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Leading Knowledge Management and Learning (In Action) (In Action Case Study) Paperback – January 9, 2006

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Editorial Reviews

About the Author

Dede Bonner is the president of New Century Management, a consulting and learning services firm she founded in 1988 in Leesburg, Virginia. Bonner works in a variety of organizational settings to help companies create improvement strategies for managing their knowledge, learning initiatives, and the career development of their employees. In addition, Bonner has been a professor of graduate-level business and human resource development courses at Marymount University in Arlington, Virginia, since 1991.

Active with the American Society for Training & Development (ASTD) for over 10 years, Bonner was a member of Training & Development's editorial review board from 1992 through 1999. She reviewed manuscripts for ASTD during her four-year term on its Publications Review Committee, beginning in 1996. She has also served on numerous other ASTD committees, including the Benchmarking Committee that reviews proposals for awards for best practices.

Previously, Bonner worked for the U.S. federal government in human resources and as a political analyst. She earned her undergraduate degree in education and social science from Michigan State University, her graduate degree in human resources from Marymount University, and her doctorate degree in executive leadership from George Washington University in Washington, D.C.


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Product Details

  • Series: In Action Case Study
  • Paperback: 328 pages
  • Publisher: ASTD Press; 1st Paper, 1st Printing edition (January 9, 2006)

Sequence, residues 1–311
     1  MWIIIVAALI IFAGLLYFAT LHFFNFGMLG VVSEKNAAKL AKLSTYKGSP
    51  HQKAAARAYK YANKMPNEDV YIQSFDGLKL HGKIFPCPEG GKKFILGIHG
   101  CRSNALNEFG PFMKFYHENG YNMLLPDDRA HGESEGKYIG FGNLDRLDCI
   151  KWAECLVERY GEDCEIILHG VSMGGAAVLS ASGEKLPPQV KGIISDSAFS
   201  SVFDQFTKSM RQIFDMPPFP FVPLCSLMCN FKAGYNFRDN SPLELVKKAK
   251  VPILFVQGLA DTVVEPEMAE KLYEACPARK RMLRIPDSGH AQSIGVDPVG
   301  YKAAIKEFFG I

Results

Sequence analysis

• Language: English
  • ISBN-10: 1562861360
  • ISBN-13: 978-1562861360
  • Product Dimensions: 7.1 x 0.8 x 9.1 inches
  • Shipping Weight: 1.4 pounds (View shipping rates and policies)
  • Average Customer Review: 4.2 out of 5 stars  See all reviews (4 customer reviews)
  • Amazon Best Sellers Rank: #3,455,126 in Books (See Top 100 in Books)

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Customer Reviews

Most Helpful Customer Reviews

11 of 12 people found the following review helpful By Dr. Tom Boldrey on July 26, 2000
Format: Paperback
This book bridges the `knowing and doing' gap of Knowledge Management (KM) with clarity, realism, and practical detail. The editor has done her research and documented the best practices of Knowledge Management. She has captured the stories and used words of the actual people engaged in the journey of this growing profession and emerging body of knowledge described in 17 cases. Now we have names of people and organizations that serve as benchmarks and sources of lessons learned. After all, isn't that what Knowledge Management it's about, learning from experience and sharing what we know across boundaries. The book walks its talk. The roles, responsibilities, and activities of those responsible for KM, Chief Knowledge Officers and/or Chief Learning Officers, are delineated and compared using all of the illustrative cases. This alone is worth the price of the book. Up until now no single book has described the realities of Knowledge Management with so many living examples. Each of them are contemporary, vivid, and representative of diverse industries. The facts and data presented in most of the cases clarify the bottom line consequences of knowledge management. This is a valuable resource book for executives, performance consultants, human resource staff, trainers, university faculty, and students of all ages. When someone refers to Knowledge Management as only an abstract concept that is too theoretical and too illusive to practice, give them this book. One of the criticisms of Learning Organization literature is there are no books like this. The layout of this book enables the reader to pick the cases which are of interest without having to read it from cover to cover. It is easy to pick up and read in short segments of twenty minutes or so and not lose continuity.Read more ›